Now we add “dummy” people where we think the target person might fit into the Pickle tree. It’s possible that Doug Mayo is descended from Maisie, Gerald, or James Pickle. I’m not sure which generation he’s in, so I’ll add three for now.
The hypothesis will be automatically numbered and assigned a “score” based on how likely it is relative to the other hypotheses. If there’s only one hypothesis, the score will always be either “1” (possible) or “0” (not possible). Because the scores are based on comparisons to the other hypotheses and are not absolute scores, they will change as I add more hypotheses.
I think it’s also possible that Doug is descended from Jasper Pickle, either through a full sibling to JJ and Annie or through a half sibling. First, I add a set of dummy people and hypotheses to represent the full sibling line.
Note that all of the hypotheses were automatically renumbered when new ones were added. Don’t get too attached to the numbering at any one step of the process!
Then, I add another dummy child to Jasper and select “Define Half Relationships”.
Then, I can use the tick boxes to specify which of Jasper’s children are half siblings to this new addition, then click CLOSE.
Here is my finished hypothesis diagram:
Feel free to try this example for yourself and to add additional hypotheses. For example, try Doug as a child, grandchild, or great grandchild of Martha, Willard, and/or Anise to see what happens. I ended up with 18 hypotheses, like so:
Interpreting the Results
Using the last version of the tree, the first thing I notice is that some hypotheses (H1, H2, H4, H5, H7, H10, H13, H14, H15, and H16) have red flags with “Score = 0”. Those hypotheses are not possible given how much DNA Doug shares with his matches and what we currently know about the ranges for known relationships. I can “Remove Hypothesis” for those if I like (and the remaining hypotheses will be renumbered), or I can just ignore them.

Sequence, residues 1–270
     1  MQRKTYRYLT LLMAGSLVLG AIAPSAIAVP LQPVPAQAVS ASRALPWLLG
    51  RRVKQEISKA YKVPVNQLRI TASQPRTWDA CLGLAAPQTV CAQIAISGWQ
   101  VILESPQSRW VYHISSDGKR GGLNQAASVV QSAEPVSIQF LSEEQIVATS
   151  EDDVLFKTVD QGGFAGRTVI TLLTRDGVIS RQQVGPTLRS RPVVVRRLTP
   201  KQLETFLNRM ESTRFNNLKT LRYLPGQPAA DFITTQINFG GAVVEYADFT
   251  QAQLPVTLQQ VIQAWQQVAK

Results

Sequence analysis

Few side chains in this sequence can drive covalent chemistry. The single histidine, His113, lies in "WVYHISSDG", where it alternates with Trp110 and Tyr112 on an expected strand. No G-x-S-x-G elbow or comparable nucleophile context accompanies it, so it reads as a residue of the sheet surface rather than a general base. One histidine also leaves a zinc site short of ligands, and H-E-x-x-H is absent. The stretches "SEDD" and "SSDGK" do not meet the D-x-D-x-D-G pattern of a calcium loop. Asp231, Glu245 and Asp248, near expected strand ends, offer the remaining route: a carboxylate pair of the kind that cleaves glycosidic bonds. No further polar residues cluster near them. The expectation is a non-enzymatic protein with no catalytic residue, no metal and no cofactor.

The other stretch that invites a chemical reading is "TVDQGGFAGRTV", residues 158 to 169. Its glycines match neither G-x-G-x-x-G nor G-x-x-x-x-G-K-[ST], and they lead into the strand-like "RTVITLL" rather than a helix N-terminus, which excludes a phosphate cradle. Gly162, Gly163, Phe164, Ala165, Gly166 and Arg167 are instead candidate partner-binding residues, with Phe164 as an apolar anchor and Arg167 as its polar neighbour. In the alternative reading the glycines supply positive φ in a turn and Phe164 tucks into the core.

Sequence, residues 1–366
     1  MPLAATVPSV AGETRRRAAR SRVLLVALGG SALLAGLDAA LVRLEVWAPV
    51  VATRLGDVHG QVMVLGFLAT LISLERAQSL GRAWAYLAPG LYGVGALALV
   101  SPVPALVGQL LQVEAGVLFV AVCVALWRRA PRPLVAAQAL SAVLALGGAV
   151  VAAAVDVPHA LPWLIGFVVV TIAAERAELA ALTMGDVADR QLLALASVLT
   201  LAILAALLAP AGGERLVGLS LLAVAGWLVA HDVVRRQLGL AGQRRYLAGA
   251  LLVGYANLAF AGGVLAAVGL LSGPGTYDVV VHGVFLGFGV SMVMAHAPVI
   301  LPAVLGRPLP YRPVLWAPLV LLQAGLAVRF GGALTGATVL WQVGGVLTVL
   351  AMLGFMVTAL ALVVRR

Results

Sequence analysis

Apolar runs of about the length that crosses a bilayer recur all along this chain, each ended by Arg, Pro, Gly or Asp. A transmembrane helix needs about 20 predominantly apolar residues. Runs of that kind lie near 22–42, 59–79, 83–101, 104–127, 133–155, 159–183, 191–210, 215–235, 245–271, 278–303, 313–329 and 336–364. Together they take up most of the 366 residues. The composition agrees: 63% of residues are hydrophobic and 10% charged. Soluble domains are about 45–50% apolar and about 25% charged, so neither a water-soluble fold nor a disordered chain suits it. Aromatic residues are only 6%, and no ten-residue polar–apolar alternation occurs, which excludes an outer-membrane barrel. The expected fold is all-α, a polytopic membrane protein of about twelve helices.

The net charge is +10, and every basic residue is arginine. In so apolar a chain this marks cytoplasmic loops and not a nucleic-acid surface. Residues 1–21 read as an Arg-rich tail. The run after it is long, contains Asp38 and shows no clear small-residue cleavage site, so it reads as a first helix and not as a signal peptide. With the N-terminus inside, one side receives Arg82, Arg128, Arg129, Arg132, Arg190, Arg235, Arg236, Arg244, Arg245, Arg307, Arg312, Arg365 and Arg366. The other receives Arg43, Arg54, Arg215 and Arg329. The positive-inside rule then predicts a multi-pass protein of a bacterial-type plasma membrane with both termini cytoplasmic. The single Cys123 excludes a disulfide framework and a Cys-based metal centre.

The remaining hypotheses all have green flags and scores that are positive integers. Once the score = 0 hypotheses are ruled out, the remaining ones are assigned scores starting with 1 for the least likely (H3 in this case) and scaling up from there. From highest to lowest, the scores are: H6 (score = 293), H9 (288), H8 (204), H17 (201), H12 (8), H18 (4), H11 (2), and H3 (1).
What does this tell us? What it doesn’t tell us is precisely where Doug fits into the tree. But it does give us some guidance for where to look next. Four hypotheses have scores in the 200s, while the other viable hypotheses are all in single digits. Those low-score hypotheses are not where I’d focus my attention, efforts in contacting family, and testing dollars.
If money were tight, I’d focus solely on Jasper Pickle’s line, because that’s where three of the four highest ranked hypotheses are. If time were of the essence, I’d try to test descendants of Jasper, Maisie, Gerald, and James. With either approach, when the new results came in, I’d add them to the tree and re-evaluate the hypotheses.
But Wait! There’s More!
Scroll down below the tree, and you’ll see a listing of the hypotheses, their scores, and a status summary for each.
Scroll further for a “Collated Match Data” table, that summarizes the DNA matches, their relationships under each hypothesis, and the probability of each relationship given the cM amounts. (I couldn’t fit all 18 hypotheses into the screenshot.)
This table can give you insights into which matches are ruling out which hypotheses and sometimes can point to problems in your hypothesis tree. For example, if a certain hypothesis has high probabilities for all of the matches except one, which has zero probability, it’s worth a check to make sure that the cM amounts and relationships (especially full vs half) were entered correctly.
Finally, down at the bottom of the page are links to the main testing companies, should you need to buy additional DNA tests to confirm your hypotheses. Using these links won’t cost you anything extra and will help to subsidize the development of new tools for genealogy.
WATO has some housekeeping features that let you save, share, and delete trees and switch among your saved trees.
With an account at DNA Painter, you can save multiple trees and switch among them at will. The most recent tree will be stored in your browser memory, and saved trees are accessible in the “Switch tree” pulldown.
For More Help
If you’re on Facebook, join the WATO group for support, strategies, and new developments.
Other posts in this series can be found here:
- Part 1 — Basic Probability
- Part 2 — Testing Hypotheses
- Part 3 — DNA Painter Look-up Tool
- Part 4 — GIs in Germany: Which Brother?
- Part 5 — Ruth: Using Probability to Guide Future Testing
- Part 6 — Ted, or When Close Relatives Aren’t Available
- Part 7 — The “What Are the Odds?” Tool (you’re here!)